• 28. All - Order Parts and Develop Circuitry for Design Review Steven – Test Accelerometer and fall detection algorithm Param – Work with processing algorithm for SP02 22-Feb measurement Collin - Develop Sensor powering circuit All - Work on Design review, Prepare to Present. Steven – Implement algorithms for heart rate detection in MSP430 Param – Implement algorithm for oxygen saturation 1-Mar computation in MSP430 Collin – Determine Temp. and Motion effects on the Oximeter All - Integrate Parts with the MSP430 Steven - Interface Fall algorithm in MSP 430 Param - Interface Fall algorithm in MSP 430/ Finalize 8-Mar Android app. Collin - Calibrate Sp02 Sensor to Temperature Effects All – Test Throurougly following Testing Procedures Steven – Examine tolerance of circuit/ Test Param – Examine tolerance of circuit/ Test Collin – Compile components and begin ordering PCB 15-Mar boards All - Work on Android Development/ Ind. Progress Reports 22-Mar Spring Break All – Compile and assembly parts onto PCB board and 29-Mar mount sensor on demonstration helmet 5-Apr All - Mock-up Demo, Sign up for Mock-up Presentation 12-Apr All - Mock-up Presentations 19-Apr All - Test and Prepare for Presentations 26-Apr All - Demo 3-May All - Final Paper Due, Checkout 28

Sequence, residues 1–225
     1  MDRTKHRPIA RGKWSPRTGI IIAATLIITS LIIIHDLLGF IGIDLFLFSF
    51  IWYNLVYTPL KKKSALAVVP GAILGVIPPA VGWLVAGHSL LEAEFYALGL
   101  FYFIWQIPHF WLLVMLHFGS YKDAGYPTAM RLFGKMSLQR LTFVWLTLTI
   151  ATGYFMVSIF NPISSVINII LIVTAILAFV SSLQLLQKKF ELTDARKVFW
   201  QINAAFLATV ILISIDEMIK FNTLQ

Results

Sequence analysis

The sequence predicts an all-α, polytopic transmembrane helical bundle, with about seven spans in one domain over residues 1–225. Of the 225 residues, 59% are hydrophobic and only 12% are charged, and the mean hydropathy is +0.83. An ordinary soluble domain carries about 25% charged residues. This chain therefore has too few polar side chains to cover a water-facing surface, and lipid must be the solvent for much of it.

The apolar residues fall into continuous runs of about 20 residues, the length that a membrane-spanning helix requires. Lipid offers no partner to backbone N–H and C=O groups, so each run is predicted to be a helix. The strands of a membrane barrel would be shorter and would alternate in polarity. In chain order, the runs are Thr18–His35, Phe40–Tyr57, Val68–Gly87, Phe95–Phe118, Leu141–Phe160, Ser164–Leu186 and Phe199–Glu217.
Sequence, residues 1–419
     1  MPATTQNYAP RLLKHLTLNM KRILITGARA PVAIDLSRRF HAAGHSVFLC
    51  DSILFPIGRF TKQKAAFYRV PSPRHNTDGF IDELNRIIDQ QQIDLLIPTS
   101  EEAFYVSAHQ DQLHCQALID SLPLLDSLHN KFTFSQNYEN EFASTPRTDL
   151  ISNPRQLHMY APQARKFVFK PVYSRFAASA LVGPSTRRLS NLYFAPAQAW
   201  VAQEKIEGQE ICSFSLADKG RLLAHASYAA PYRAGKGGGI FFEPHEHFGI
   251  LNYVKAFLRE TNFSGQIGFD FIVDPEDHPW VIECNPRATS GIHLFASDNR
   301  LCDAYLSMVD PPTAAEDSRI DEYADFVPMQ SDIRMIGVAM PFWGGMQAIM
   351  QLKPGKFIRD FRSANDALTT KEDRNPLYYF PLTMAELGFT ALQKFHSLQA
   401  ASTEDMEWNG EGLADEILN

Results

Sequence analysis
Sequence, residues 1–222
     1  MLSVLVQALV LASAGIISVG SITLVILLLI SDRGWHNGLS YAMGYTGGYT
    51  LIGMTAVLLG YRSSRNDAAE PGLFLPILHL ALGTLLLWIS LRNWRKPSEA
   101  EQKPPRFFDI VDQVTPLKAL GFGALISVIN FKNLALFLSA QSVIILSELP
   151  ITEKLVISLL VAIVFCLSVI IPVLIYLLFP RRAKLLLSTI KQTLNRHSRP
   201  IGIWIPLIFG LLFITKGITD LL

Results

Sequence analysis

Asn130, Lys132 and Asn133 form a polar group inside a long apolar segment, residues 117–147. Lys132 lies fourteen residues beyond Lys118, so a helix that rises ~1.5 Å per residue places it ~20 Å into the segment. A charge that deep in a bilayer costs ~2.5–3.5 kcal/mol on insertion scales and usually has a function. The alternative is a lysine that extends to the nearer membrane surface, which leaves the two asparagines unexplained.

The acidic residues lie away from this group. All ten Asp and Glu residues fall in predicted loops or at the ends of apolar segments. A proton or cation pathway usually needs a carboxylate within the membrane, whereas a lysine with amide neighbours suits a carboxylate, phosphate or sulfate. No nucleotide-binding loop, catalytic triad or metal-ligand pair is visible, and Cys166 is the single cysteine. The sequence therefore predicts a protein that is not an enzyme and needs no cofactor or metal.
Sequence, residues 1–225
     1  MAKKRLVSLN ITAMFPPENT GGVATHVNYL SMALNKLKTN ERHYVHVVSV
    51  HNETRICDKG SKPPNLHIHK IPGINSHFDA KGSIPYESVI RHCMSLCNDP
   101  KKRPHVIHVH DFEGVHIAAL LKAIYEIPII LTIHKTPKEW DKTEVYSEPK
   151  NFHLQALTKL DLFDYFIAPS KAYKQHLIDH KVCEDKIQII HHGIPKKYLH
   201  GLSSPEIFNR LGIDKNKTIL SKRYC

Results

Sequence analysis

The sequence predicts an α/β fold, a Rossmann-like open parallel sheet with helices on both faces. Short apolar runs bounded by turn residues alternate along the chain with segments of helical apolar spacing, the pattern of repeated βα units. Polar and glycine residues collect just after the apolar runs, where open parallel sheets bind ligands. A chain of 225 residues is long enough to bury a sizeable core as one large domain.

• 29. References [1] J.G. Webster, Design of Pulse Oximeters, New York: Taylor and Francis Group, LLC, 1997. [2] A Single-Chip Pulse oximeter Design Using the MSP430 [3] Compensate Transimpedance Amplifier Intuitively, Texas Instruments., Dallas, Texas 2000 [4] MSP430x4xx Family: User’s Guide, Texas Instruments., Dallas, Texas, 2010 [5] A.S. Sedra, K.C. Smith, Microelectronic Circuits 5th Edition, Oxford University Press, 2007 [6] Human Fall Detection Using 3-Axis Accelerometer, Freescale Semiconductor., Chandler, Arizona, 2005 [7] Source: CNN Money, “Most lucrative college degrees”, 7/24/2009 [8] Diagnostic, Patient Monitoring and Therapy, Texas Instruments., Dallas, Texas, 2009 [9] Dual NPN Small Signal Surface Mount Transistors, Diodes, Inc., Dallas, Texas. [10] Dual PNP Small Signal Surface Mount Transistors, Diodes, Inc., Dallas, Texas. [11] Magnetic Buzzer, CUI, Inc., Beaverton, OR, 2006. [12] OEM III Module Specification and Technical Information, Nonin® Medical, Inc., Plymouth, Minnesota, 2007. [13] Three Axis Low-g Micromachined Accelerometer, Freescale Semiconductor., Chandler, Arizona, 2005. [14] Class 1 Bluetooth® Module, Roving Networks. Los Gatos, CA, 2009. [15] High-Efficiency 1-Cell and 2-Cell Boost Converters, Texas Instruments. Dallas, Texas, 2005. [16] Y. Mendelson and C. Comtois, “A Wearable Reflectance Pulse Oximeter For Remote Physiological Monitoring,” Proc. Of the 28th annual International IEEE/EMBS Conference, New York city, 2006. 29